The Debian project has been working in removing non-free firmware from the Linux kernel shipped with Debian for the past two release cycles. At the time of the releases of Debian 4.0 “Etch”  and 5.0 “Lenny” , however, it was not yet possible to ship Linux kernels stripped of all non-free firmware bits. Back then we had to acknowledge that freedom issues concerning Linux firmware were not completely sorted out .
We have nonetheless kept on working on splitting away non-free bits from
the Linux kernel, thanks to the work of the Debian Kernel team  and
various Linux upstream developers. We are proud to announce that, to the
best of our knowledge, all issues are solved and that we will be able to
deliver a Linux kernel which is completely Free, according to the Debian
Free Software Guidelines (DFSG) , with Debian Squeeze. We hereby
reaffirm Free Software as one of our priorities, as documented in the
Debian Social Contract .
In accordance with the Debian Social Contract, we acknowledge that some
users require the use of works that do not conform to the DFSG and that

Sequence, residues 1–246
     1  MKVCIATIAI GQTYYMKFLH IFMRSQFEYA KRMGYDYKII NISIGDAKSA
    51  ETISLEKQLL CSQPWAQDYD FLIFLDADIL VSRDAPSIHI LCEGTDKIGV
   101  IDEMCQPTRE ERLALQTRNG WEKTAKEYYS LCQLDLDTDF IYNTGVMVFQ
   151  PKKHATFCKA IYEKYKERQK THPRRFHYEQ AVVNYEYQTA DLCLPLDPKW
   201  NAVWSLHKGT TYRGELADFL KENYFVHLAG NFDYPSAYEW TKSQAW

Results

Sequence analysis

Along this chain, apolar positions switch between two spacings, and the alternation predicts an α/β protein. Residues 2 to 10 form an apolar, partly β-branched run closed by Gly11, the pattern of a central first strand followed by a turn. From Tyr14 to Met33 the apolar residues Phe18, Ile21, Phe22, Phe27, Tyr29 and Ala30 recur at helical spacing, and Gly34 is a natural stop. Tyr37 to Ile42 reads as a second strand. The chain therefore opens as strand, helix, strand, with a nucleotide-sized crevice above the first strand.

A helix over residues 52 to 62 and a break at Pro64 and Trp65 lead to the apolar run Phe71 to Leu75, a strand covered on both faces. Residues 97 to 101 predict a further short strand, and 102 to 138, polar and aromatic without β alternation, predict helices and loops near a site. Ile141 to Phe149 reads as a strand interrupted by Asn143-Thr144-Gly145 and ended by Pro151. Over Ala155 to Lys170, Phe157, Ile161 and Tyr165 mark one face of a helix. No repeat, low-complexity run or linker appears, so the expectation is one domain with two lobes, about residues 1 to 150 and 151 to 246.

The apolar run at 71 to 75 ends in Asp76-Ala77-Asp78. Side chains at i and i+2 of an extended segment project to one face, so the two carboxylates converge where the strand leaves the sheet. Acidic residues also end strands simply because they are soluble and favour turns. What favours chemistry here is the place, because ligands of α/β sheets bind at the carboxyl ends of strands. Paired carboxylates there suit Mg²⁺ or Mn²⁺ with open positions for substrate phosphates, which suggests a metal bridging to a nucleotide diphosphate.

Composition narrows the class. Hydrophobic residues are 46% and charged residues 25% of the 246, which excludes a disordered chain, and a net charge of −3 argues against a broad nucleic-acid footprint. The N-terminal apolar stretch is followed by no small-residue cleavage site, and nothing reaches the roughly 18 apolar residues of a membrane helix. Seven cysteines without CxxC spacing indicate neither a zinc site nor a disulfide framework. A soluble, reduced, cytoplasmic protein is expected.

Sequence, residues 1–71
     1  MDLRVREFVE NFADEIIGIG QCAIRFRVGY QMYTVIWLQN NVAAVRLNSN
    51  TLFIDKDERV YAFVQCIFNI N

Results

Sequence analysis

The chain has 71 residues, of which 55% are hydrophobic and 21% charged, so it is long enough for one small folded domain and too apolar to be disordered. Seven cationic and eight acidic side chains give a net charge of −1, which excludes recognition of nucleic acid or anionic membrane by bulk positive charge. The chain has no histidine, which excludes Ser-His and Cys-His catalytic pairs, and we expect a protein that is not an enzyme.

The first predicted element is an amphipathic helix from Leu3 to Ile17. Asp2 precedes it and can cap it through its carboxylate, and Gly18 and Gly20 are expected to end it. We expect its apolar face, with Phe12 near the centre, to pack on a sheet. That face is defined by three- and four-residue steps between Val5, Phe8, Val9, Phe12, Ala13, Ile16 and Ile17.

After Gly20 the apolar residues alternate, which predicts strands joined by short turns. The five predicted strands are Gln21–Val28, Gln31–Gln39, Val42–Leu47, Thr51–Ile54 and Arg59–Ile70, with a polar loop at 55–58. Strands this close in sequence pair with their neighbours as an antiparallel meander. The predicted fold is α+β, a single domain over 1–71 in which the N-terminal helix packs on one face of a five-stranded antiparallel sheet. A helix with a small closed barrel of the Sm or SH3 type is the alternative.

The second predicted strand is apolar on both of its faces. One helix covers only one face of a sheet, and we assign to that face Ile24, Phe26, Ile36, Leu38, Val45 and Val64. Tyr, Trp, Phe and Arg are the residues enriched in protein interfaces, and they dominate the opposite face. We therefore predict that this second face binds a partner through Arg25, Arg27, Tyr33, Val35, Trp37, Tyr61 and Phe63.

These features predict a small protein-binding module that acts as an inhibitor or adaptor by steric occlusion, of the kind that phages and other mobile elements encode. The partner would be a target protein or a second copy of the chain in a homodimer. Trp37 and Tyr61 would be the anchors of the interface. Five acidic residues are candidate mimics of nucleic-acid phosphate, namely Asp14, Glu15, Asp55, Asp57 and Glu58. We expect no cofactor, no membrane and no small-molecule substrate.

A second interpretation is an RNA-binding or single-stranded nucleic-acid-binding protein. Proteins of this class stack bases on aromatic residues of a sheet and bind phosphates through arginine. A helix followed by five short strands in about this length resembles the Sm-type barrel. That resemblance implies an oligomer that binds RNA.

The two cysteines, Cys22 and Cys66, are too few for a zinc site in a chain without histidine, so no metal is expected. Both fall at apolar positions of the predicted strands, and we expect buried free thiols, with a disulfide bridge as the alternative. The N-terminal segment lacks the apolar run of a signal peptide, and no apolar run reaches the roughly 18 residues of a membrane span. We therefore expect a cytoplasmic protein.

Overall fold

those works might include non-free firmware bits. For the time being, we
have added to the “non-free” area of our archives alternative installation
images and additional packages for Debian Squeeze, that include non-free
firmware bits needed to enable specific pieces of hardware. They are not
part of Debian, they should be looked for explicitly by interested users,
and we cannot support them to the same extent of Free firmware as we do not
have access to the corresponding source code. We encourage hardware
manufacturers to release only DFSG-free firmware and we cannot accept other
kind of firmware as part of Debian.
The Debian Project was founded in 1993 by Ian Murdock to be a truly
free, community project. Since then the project has grown to be one of
the largest and most influential open source projects. Over three
thousand volunteers from all over the world work together to create and
maintain Debian software. Translated into over 65 languages, and
supporting a huge range of computer types, Debian calls itself the
“universal operating system”.
For further information, please visit the Debian web pages at
http://www.debian.org/ or send mail to